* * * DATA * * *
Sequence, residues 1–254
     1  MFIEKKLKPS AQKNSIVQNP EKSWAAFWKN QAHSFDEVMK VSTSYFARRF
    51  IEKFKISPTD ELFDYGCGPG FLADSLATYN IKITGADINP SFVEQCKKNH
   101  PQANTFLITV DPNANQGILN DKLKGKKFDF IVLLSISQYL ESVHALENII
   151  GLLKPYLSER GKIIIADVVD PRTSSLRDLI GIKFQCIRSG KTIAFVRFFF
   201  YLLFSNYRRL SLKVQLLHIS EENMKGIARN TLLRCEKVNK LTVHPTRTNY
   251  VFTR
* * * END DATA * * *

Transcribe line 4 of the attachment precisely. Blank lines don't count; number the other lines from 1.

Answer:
   101  PQANTFLITV DPNANQGILN DKLKGKKFDF IVLLSISQYL ESVHALENII